Changing our tech infrastructure had a direct impact on the data landscape of the company. Central databases accessed by many components became decentralized backends and communication was done via REST APIs. Our central data warehouse, with direct connections to the transactional data stores, had to cope with a decentralized data production without direct reachability. To overcome these challenges, a central team was put together with the goal of building a data lake at Zalando (Figure 1). There were two initial incentives to start a data lake: having a central data archive in this new, distributed environment and creating a distributed compute engine for the company.

Zalando's data lake

Figure 1: Zalando’s data lake architecture

After lifting the relational databases’ size restrictions, it turned out that the company was already producing much more potentially valuable data. We needed a data storage option that could cope with the growing amounts of data, and whatever option we chose needed to be scalable, reliable, and affordable. Looking at the AWS service portfolio, Amazon S3 was the clear choice to act as the base layer of the new central data lake of the company.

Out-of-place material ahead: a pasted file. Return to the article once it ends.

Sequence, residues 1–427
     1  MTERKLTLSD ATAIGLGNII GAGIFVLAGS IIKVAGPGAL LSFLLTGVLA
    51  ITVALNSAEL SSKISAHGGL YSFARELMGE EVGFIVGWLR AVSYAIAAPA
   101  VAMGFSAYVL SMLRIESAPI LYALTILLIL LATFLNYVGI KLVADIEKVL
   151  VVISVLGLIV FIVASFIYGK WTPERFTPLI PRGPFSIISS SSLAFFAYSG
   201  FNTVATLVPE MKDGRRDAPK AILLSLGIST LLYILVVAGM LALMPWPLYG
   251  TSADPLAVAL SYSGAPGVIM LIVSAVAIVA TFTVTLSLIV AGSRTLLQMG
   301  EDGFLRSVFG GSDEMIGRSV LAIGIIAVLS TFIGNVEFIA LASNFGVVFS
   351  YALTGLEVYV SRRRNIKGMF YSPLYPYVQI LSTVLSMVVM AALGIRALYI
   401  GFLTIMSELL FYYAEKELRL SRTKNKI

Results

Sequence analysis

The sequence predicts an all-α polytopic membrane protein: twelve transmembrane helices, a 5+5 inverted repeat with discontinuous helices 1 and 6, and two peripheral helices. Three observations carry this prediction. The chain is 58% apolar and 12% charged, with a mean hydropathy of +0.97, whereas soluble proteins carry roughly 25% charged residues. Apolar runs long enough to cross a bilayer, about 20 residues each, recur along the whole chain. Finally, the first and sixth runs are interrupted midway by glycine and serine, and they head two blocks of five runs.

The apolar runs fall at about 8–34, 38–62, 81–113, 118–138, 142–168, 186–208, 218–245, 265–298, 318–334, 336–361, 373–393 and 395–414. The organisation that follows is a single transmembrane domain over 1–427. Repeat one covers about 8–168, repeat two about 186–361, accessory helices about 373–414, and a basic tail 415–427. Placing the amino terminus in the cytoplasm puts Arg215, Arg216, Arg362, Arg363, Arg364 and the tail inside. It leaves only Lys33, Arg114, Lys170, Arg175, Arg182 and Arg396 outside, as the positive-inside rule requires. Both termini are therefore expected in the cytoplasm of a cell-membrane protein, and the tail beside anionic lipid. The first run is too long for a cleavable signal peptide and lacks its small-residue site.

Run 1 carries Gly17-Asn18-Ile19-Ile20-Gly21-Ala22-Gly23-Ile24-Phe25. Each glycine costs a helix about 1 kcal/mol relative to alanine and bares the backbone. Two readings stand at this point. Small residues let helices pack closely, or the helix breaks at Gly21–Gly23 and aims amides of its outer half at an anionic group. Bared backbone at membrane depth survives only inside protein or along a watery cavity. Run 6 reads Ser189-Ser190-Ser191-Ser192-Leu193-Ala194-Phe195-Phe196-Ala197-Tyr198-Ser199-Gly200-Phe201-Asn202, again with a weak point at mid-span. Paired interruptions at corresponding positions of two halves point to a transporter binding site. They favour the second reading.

Our first priority in getting the freshly setup and empty data lake started was the integration of the major data sources of the company. By that time, a central event bus was established whose major purpose was service to service communication among distributed microservices. The second major purpose was added by introducing an archiver component to save a copy of all published messages in the data lake. Major business processes were already communicating via the event bus, which made its content highly valuable for analytical processing. The ingestion pipeline is built based on serverless components to fulfill basic data preparation requirements like reformatting and repartitioning. This pipeline is described in more detail in this blog post.